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Old 05-18-2011, 02:30 PM   #1
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Normal TSH, Low FT4- possible hypothyroidism?

Hello all. My husband and I are trying to have another baby, and recently began seeing a reproductive endocrinologist. He ran a lot of blood tests (amongst other tests), including a test of Free T4, and TSH. My TSH levels are 1.54 mcIU/mL. My Free T4 level was .69ng/dL. From all of the reading I've been doing, this is a low result. I have several questions:
1) Is it possible to be hypothyroid and still have "normal" TSH levels? Do my levels suggest hypothyroidism?
2) When I see my GP for a follow up, what tests should I ask her to run?
3) I am symptomatic, and likely have been for quite a while. I had a severe B12 deficiency, the cause of which has never been determined, though it's likely pernicious anemia. It seems to be under control now, and the main neurological symptoms have disappeared, but I'm still tired, and still gaining/holding on to weight (17 pounds in the last 11 months). The fatigue is indescribable. I gave up caffeine when we began trying for a baby, but I cannot function without it. Period. Is it possible the B12 deficiency and potential hypothyroidism are related?
4) Why does the lab list .58-1.64 as their reference range, when everything online starts at .7 or greater?
5) If I am hypothyroid, what am I looking at? What kind of treatment options are there? Diet? Meds? Will I be able to lose the weight I've gained? Long term issues?
Thanks for any and all help!

 
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Old 05-18-2011, 02:43 PM   #2
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Re: Normal TSH, Low FT4- possible hypothyroidism?

Different labs have different ranges...it's important to see where your result falls within your lab's ranges.

TSH isn't a reliable indicator of thyroid function....it is a pituitary hormone. It's much better to look at the actual thyroid hormone levels - FreeT4 being the primary one.

And, yes, it's entirely possible to have hypothyroidism with results in the normal range...."normal" (aka in-range) results don't mean they are YOUR normal.

When you think about the fact that the thyroid is the master regulator of virtually every body system, each of us will have his/her own normal level within the ranges of normal.

Your FreeT4 level is towards the bottom end of your range - you are hypothyroid. (most people have FreeT4 levels above mid-range, if not in the upper third of the range).

Your symptoms indicate hypothyroidism. Anemia can be caused by hypothyroidism.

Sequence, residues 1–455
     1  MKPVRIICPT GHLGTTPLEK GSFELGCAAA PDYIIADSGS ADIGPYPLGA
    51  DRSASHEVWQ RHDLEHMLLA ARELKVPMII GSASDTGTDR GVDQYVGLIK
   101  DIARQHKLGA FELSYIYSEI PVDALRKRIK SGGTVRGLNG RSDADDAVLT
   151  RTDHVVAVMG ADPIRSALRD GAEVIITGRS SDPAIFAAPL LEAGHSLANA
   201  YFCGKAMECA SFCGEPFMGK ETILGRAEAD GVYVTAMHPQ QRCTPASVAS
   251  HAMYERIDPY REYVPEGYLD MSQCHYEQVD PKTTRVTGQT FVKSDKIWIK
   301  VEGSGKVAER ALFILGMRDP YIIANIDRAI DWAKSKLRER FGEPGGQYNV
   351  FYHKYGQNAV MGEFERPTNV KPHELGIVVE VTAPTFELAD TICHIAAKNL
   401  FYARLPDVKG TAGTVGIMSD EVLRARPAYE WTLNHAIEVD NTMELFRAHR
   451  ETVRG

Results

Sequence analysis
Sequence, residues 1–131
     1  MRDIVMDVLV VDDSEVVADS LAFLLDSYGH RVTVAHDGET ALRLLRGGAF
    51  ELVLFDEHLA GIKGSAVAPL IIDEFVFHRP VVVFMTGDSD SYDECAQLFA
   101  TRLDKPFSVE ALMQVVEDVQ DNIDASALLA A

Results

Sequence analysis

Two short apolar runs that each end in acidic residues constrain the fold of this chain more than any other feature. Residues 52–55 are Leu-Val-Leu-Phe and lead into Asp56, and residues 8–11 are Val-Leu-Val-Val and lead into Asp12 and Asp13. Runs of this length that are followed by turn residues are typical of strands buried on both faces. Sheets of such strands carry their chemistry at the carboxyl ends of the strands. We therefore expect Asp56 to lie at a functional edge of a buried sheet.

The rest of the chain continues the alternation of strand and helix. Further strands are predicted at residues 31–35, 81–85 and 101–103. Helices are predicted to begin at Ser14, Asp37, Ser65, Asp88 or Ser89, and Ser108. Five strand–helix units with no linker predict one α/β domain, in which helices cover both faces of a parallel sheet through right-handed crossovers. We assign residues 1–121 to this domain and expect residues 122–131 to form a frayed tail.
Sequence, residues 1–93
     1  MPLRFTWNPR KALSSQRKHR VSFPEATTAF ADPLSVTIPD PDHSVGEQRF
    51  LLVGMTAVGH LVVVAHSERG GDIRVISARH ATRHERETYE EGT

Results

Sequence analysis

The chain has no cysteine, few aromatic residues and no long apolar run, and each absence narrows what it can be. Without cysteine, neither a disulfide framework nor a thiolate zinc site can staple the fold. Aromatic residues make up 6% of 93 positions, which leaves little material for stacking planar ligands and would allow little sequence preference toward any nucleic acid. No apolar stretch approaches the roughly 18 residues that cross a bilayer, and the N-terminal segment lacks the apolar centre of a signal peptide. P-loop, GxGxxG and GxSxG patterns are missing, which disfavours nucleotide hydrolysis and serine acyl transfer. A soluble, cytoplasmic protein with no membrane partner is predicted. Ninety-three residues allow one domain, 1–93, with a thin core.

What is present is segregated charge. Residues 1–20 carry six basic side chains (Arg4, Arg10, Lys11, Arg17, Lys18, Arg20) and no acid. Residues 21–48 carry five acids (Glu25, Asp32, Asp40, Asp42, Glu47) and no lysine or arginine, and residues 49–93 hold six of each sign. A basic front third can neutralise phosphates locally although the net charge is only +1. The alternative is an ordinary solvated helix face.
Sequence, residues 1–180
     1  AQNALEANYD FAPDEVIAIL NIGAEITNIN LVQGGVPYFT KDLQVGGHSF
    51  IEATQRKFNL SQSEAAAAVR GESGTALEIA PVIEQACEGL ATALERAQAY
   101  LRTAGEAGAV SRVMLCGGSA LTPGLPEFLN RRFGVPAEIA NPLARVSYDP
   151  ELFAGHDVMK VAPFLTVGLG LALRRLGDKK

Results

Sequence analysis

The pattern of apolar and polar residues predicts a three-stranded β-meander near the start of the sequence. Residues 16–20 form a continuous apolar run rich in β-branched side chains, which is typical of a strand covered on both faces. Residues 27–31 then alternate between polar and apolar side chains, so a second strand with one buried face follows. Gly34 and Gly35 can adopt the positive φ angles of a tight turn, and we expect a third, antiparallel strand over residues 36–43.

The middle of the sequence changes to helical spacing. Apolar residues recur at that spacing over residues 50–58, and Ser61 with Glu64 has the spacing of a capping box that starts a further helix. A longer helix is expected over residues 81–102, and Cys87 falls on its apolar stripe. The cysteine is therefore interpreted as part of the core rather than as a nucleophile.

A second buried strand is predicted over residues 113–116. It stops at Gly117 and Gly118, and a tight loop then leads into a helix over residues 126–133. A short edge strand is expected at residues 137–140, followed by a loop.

Two great "starter books" are "Thyroid for Dummies" and "What Your Doctor May Not Tell You About Hypothyroidism". Both were written by endos.

The tests you'll want your GP to run would be:

FreeT4 (T4 or thyroxine, free, direct)
FreeT3 (tri-iodothyronine, free, serum)
TSH

You also might want some antibody testing to see if the cause of your hypothyroidism is Hashimoto's disease, an autoimmune condition with is the most common cause of hypothyroidism.

Antibody tests are:

TPOab (thyroid peroxidase antibody)
TGab (thyroglobulin antibody)

Diet can help hypothyroidism but, you will still need to replace the hormones not being produced in adequate amounts by your thyroid. You'd want to avoid foods called goitrogens...you can Google for a list. A big thyroid no-no is soy.

Most people fare well with levothyroxine, a T4 hormone replacement med (synthroid). Some people need to add Cytomel/liothyronine (a T3 med). Others opt for a natural dessicated thyroid product made from porcine thyroids such as Armour or NatureThroid - these meds contain both T4 & T3 but in different proportions than human thyroids make so, there can be an occasion to add levothyroxine to balance things out.

Your doctor should adjust your dose until your FreeT4 (and FreeT3) levels are in the upper third of the range....these are the levels needed for a successful pregnancy.

I highly recommend you optimize your levels before trying to conceive...hypothyroidism can affect a developing fetus's IQ.

If your levels are optimized, you can expect resolution of your symptoms and the ability to lose the weight with proper diet and exercise.
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Last edited by sammy64; 05-18-2011 at 02:47 PM.

 
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Old 05-21-2011, 08:10 AM   #3
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Re: Normal TSH, Low FT4- possible hypothyroidism?

I saw my GP on Friday night, and she did a repeat test. My TSH has gone down in the last year (1.74 in June 2010, to 1.54 in March 2011), and since my Free T4 was techinically outside of the range, she ran that again. She actually ran all of the tests I asked her to run (the ones you listed, Sammy), and I should have the results by Monday afternoon. I trust her to listen to me, and help me figure out how to fix this.
She did say that she thinks the B12 deficiency and possible thyroid issues might be related, in that they may both have a similar root cause- and now I have an appointment to see a gastroenterologist at the end of June. She told me to ask about IBS, Celiacs, IBD, and to request scopes (ugh), and checks for pernicious anemia. My family has a long history of stomach troubles (IBS, colitis), and I have a history of ulcers, so I guess it won't hurt.